aversions to goal-setting

The other day I was having lunch with a friend of mine and I realized what a flake I am.  I have always known that I am ‘flaky’ in the sense that I’ll get really excited about a hobby, job, project or similar endeavour, only to have that enthusiasm eventually dissipate to the point of extinction.  For a long time this seemed kind of funny to me, even quirky.  I liked the fact that I was interested in so many things, and people seemed to admire that I was always trying something new.

But over the past couple of years it’s been getting tiresome.  I’m at the point where I don’t really take myself seriously anymore, because I know that sooner or later the moment will pass and be gone forever.  And, at lunch with my friend, hearing myself speak…I clammed up.  I finally exhausted myself.  It hit me: What’s the point of talking about something that’s probably never going to happen?

hmmm...

hmmm…

Several years ago I worked in the office of a well-known yogawear company, where they were big on motivating their staff to achieve their personal dreams and goals.  Here, the concept of ‘goal-setting’ was driven home as absolutely essential for one to manifest their highest visions and ambitions.  What was my one-year goal?  3 years?  5 years?  And how would I measure progress?  How would I reward myself when I achieved my pre-designated milestones?  What was that damn acronym again?

To be honest, the goal-setting process has never worked for me and perhaps that’s why, years after leaving that job, I’m spinning my wheels in the same areas of my life.

It is very logical and reasonable to set goals for oneself, have a time plan, and create markers and rewards.  More importantly, I know it works for many people. For a long time, I thought that if I knew what I really, really wanted to achieve in five years, then I would certainly have the drive and determination to implement all those goal-setting steps and make it happen.  But maybe it’s deeper than that.  Maybe it’s fear of having big goals – what will take to achieve them, and What If I Fail?  Maybe it’s not feeling worthy that I can have the life of my dreams.  If I’ve never been taught to dream big, where do I start, and how do I really believe that I deserve it?  (Maybe it’s even my Vata nature which, in Ayurvedic medicine, means I have the body type/constitution that finds it challenging to manage and sustain my energy.)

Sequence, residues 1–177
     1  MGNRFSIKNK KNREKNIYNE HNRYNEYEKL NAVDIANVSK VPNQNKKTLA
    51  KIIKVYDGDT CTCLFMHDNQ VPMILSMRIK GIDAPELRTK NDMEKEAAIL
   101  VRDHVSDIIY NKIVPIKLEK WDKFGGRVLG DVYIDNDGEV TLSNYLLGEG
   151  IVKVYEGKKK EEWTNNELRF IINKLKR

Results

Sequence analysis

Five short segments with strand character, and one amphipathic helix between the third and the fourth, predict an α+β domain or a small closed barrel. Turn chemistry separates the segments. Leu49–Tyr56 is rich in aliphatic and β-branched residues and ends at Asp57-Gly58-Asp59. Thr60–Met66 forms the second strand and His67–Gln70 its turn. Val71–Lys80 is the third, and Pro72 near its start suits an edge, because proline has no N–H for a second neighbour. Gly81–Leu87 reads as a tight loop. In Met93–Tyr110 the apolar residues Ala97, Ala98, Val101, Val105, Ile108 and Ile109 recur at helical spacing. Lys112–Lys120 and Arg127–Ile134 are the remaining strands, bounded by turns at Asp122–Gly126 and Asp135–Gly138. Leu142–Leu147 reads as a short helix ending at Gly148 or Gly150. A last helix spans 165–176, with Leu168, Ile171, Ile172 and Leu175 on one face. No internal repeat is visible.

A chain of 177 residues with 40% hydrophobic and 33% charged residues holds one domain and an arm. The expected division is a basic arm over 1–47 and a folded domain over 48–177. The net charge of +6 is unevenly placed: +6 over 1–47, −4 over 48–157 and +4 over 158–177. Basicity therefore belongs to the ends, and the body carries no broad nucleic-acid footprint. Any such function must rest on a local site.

In truth, I’m not totally sure why the practice of ‘plans’ and ‘goals’ and ‘timelines’ and ‘discipline’ and ‘commitment’ eludes me.  I know I’m not a lazy person; I’m very hard-working and in times when I have truly wanted certain things, I’ve had laser-sharp focus in getting them.  But if you ask me to think of my 5-year plan, my brain checks out immediately; I mean, it literally goes blank, zones out.  How can I possibly know what I’ll want in five years? There are countless choices I could make between now and then; how am I supposed to choose just one!?  What a boring way to live!   I change a little bit every day…who knows who I’ll be in five years!

If I knew I wanted to live in such-and-such city, in this neighbourhood making this amount of cash doing that kind of work, the goal-setting process wouldn’t be such a problem.  But there is a part of me – call it idealistic, naive, impractical – that feels like whatever ‘plan’ I come up with is just going to be limiting myself.  There is a small, yet undeniable and tenacious, belief deep within me that thinks life just might be way bigger and better than my teeny mind can presently design.  I’ve tried to ignore that little voice and ‘get real’…but it just won’t go away.

shhhhh...

shhhhh…

So where I am at now is acknowledging that I’m still clearly not in the headspace to devise a 1, 3, 5, or 10 year goal-setting plan.  However, I know for sure that changing my mind every few weeks/months is exhausting and spreads my energy around so much that I can’t bring anything significant into fruition.  So what I can do is…well, first stop telling myself ‘I’m a flake’.

What I need in the next few months is to stop focusing on ‘doing’ or ‘finding’ or ‘looking’ externally for the thing that, once I hit on it, will make everything click into place.  I don’t think such a thing exists.  In the past I have always thrown myself into the next hobby, convinced it’s what I’m meant to be doing and then…it inexplicably fades away.  I’ve rarely calmed my body or mind long enough to just ‘be’.  I don’t even know what that’s like.  There’s always been another course to take, an article to read, a coffee to drink. (A blog to write?)

It’s very interesting that I just moved into an apartment made for meditation. (Seriously, the friend I’m subletting for has been practicing yoga, meditation, and devotional chanting here for 20+ years.)  I’ve been running away from stillness for years.   Now I feel my only option, as I ready myself this next unknown phase of my life, is to stop moving so much and let my inspiration find me.

3 thoughts on “aversions to goal-setting

  1. I’ve also been at that stage (most of my life), and I’m also ”readying myself for this next unknown phase of my life”. Great piece of writing. I also like to keep my options open so that the future will not be limited, I’m not aimless, but I do tend to wander 🙂 Reading this made me feel like I’m not such a ”flake” after all! 😉

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